Diabeta (Glyburide) Dosage and Side Effects
DIABETA is used along with diet and exercise to help control blood-sugar levels in people who have type 2 diabetes. DIABETA is in a class of drugs known as sulfonylureas, which stimulate the pancreas to produce the hormone insulin.
Warnings and Precautions
You shouldn't take DIABETA if you have type 1 diabetes (the body doesn't produce any insulin) or diabetic ketoacidosis (a dangerous condition that can occur if high blood sugar is untreated).
Before taking this medicine, tell your doctor if you have or have ever had:
- G6PD deficiency (an inherited enzyme condition)
- Hemolytic anemia (a lack of red blood cells)
- Hormone disorders involving the pituitary, adrenal, or thyroid gland
- Heart, kidney, or liver disease
- A nerve disorder that affects bodily functions
Alert your physician if you've taken chlorpropamide (Diabenese), another sulfonylurea drug for diabetes, in the past two weeks.
You shouldn't take this medicine if you take bosentan (Tracleer), a drug used for high blood pressure in the lungs (pulmonary arterial hypertension), because it may increase your risk of liver problems.
Before having surgery, including a dental procedure, tell your doctor or dentist that you are taking DIABETA.
Some diabetes drugs may increase your risk of serious heart problems. However, blood sugars that are out of control can damage your heart, or other organs, too. Talk to your doctor about these risks.
Tell your physician if you experience an illness, fever, injury, or unusual stress while taking DIABETA, because these can change your blood sugar and the dosage you need. DIABETA may cause changes in your blood sugar.
You should know the symptoms of high (hyperglycemic) or low (hypoglycemic) blood-sugar episodes and be prepared to treat them.
Your doctor will probably want to check your glucose levels often while you are taking DIABETA. Keep all healthcare appointments, including the ones for tests at a lab.
This medicine helps control blood-sugar levels, but it doesn't cure diabetes. Don't stop taking DIABETA without first talking to your doctor. Always wear a diabetic ID bracelet to be sure you get proper treatment in case of an emergency.
Pregnancy and DIABETA
DIABETA is a pregnancy category C drug, which means harm to an unborn baby can't be ruled out. Tell your physician if you are, or if you are planning, to become pregnant. Your healthcare provider might want you to take insulin during pregnancy.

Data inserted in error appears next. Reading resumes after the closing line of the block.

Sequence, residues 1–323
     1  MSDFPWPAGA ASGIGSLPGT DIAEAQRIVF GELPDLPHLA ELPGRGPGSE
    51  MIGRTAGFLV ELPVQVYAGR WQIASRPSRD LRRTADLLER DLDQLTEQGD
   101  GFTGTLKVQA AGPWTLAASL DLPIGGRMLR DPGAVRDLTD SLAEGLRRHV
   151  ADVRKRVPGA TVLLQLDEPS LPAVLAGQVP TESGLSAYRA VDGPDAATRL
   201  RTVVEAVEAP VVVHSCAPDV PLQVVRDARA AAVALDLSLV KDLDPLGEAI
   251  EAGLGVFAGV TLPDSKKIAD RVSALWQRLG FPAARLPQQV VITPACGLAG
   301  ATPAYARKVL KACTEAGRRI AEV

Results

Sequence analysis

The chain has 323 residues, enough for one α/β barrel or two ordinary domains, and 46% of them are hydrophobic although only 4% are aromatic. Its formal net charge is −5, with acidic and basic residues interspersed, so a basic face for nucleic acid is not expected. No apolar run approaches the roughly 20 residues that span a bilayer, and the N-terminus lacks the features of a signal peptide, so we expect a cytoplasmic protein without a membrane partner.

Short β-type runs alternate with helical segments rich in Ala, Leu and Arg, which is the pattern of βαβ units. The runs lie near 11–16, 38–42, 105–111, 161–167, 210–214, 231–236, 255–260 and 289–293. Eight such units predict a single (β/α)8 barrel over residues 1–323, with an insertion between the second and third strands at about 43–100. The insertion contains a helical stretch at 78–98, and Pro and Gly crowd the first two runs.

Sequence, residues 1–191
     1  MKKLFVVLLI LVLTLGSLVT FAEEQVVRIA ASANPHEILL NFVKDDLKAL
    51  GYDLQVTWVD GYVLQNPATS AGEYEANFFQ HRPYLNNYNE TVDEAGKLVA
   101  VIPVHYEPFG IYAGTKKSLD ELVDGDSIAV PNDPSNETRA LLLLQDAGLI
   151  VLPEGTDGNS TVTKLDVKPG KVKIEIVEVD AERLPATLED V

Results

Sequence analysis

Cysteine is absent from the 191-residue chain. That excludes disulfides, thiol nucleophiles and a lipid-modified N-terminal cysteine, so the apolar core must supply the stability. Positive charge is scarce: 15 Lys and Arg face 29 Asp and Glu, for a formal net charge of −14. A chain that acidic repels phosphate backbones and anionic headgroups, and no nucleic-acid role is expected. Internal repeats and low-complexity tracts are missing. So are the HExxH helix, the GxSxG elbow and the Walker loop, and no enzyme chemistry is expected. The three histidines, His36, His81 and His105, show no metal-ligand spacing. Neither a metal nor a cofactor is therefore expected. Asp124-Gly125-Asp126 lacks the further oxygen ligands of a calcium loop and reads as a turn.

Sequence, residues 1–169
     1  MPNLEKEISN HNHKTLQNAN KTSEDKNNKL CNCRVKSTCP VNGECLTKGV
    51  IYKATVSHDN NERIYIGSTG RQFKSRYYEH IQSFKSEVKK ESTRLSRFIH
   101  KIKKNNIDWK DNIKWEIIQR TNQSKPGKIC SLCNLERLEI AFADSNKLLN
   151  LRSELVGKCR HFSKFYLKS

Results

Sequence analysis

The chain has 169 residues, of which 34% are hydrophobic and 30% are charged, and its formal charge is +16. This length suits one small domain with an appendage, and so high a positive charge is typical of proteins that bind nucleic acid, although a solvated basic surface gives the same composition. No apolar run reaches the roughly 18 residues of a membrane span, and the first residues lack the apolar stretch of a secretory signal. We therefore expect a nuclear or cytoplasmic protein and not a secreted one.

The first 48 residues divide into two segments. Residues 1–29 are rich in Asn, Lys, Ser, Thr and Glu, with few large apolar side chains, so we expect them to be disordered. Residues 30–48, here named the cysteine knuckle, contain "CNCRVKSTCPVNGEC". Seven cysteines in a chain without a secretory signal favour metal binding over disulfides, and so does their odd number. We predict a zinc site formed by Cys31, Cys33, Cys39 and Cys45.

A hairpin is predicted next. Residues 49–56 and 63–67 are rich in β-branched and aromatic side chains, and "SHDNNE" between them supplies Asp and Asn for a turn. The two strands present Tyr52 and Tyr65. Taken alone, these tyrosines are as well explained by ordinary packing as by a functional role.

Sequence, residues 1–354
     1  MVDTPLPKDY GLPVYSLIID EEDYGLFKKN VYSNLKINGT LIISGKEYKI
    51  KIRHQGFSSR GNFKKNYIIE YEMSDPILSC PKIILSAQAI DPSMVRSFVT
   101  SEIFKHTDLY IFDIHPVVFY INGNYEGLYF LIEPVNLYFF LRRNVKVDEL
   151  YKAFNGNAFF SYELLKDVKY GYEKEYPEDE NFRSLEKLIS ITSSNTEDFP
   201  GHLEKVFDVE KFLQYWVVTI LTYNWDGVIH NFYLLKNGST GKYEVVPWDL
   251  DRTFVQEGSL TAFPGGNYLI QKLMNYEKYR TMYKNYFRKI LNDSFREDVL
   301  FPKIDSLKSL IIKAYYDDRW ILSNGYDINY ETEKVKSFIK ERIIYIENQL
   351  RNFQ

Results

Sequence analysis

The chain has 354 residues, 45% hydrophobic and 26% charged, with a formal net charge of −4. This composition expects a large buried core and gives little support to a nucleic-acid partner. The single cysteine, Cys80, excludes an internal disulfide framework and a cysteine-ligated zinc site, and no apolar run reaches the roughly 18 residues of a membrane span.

Don't breastfeed while using this drug. It's not known whether DIABETA passes into breast milk or could harm a breastfeeding baby.
Gestational Diabetes and DIABETA
DIABETA is sometimes used to treat women with a form of diabetes that occurs during pregnancy (known as gestational diabetes). However, some studies have found DIABETA may not be as safe or as effective as injected insulin. Other studies have shown women with gestational diabetes may need higher doses of DIABETA. Talk to your doctor about the potential risks and benefits of using this medicine to treat gestational diabetes.
Common Side Effects of DIABETA
Tell your doctor if any of the following side effects become severe or don't go away:
- Upper abdominal fullness
- Muscle or joint pain
- Blurred vision
Serious Side Effects of DIABETA
Call your doctor immediately if you experience any of the following serious side effects:
- Dark urine
- Light-colored stools
- Yellowing of the eyes or skin (jaundice)
- Sore throat
If you have any of the following and can't reach your doctor, you may need emergency medical help:
- Pain in the upper right portion of the stomach
- Confusion or slurred speech
- Severe weakness
- Unusual bleeding or bruising
- Swelling of the eyes, face, lips, tongue, or throat
Interactions with this medication
Tell your doctor about all prescription, non-prescription, illegal, recreational, herbal, nutritional, or dietary drugs you're taking, especially:
- Angiotensin-converting enzyme (ACE) inhibitors, such as benazepril (Lotensin), captopril (Capoten), enalapril (Vasotec), fosinopril (Monopril), lisinopril (Prinivil, Zestril), moexipril (Univasc), perindopril, (Aceon), quinapril (Accupril), ramipril (Altace), and trandolapril (Mavik)